Ilya Kabakov has always employed theory to reflect upon his work. He’s recently categorized the art he’s produced since 1970 under the title 'The Great Arc', dividing it into five acts of different significance and aesthetics. Whereas the white paintings initially contained small excerpts from the real world, the second-act paintings incorporate larger portions of reality. In the third act, reality ultimately blankets the entire picture surface, while in the fourth act a darkness opens up behind the reality of the paintings, which ultimately takes over the entire painting in the final, fifth act.
This show begins with the third act of the Kabakovian arc. It begins with 'The Appearance of the Collage #12' (2012), a painting that incorporates fragments of two different visual narratives—introducing what look like torn-edged magazine clippings of people into the different reality of another painting. Countering the demand for an unambiguous reading, Kabakov presents a fragmented approach to a world, portions of which can only be visually perceived by viewers, who can link them to the patchwork that they’re actually seeing when they believe they’re 'getting the whole picture'.
Located in the first room on the upper exhibition floor, 'Dark and Light #10' (2013) is a self-portrait of both artists, who are surrounded by nuanced darkness and flipped onto a horizontal plane. The strong contrast between dark and light is especially effective in the section where a white surface overlaps Emilia Kabakov’s head. In 'Vertical Painting #5' (2012), too, the pictorial space conquers the vertical plane. For Ilya Kabakov, the lower half of the picture corresponds to what the viewer finds 'correct', while the upper half is turned ninety degrees. The pictorial events vanish upward, and sections of the painting are lost in the rapid movement, like torn-out clippings sinking toward the bottom.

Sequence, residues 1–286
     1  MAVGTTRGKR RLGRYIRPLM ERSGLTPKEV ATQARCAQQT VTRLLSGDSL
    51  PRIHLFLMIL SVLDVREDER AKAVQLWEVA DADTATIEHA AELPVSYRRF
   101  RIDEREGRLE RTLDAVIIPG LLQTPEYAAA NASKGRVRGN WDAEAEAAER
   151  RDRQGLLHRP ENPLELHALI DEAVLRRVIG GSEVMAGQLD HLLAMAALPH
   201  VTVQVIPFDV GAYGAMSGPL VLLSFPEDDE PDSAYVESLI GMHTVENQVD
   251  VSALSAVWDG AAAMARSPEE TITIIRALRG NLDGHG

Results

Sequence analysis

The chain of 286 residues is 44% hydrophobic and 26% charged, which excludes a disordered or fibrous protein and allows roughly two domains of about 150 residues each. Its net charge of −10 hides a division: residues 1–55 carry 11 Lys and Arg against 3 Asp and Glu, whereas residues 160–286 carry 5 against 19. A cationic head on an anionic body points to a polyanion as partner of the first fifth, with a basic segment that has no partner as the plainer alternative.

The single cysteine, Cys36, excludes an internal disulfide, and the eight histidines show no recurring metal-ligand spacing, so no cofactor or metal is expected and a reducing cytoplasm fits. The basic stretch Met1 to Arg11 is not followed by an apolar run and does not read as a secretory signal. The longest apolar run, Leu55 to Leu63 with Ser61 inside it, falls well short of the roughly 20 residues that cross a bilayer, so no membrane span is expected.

In the Kabakovs’ latest series 'Two Times' (2014-15), the artists allow two epochs of cultural history to collide sharply. One side features subjects of classic art history, while the other is of a personal memory of Kabakov’s Soviet homeland. In contrast to the supposed stability of the world, the fragmented character of reality and art is in the foreground. Ultimately, the paintings from the 'Two Times' series are also reflections upon memory, life, death, and, above all, upon the artist’s doubts and fears about the place of his work in the history of art.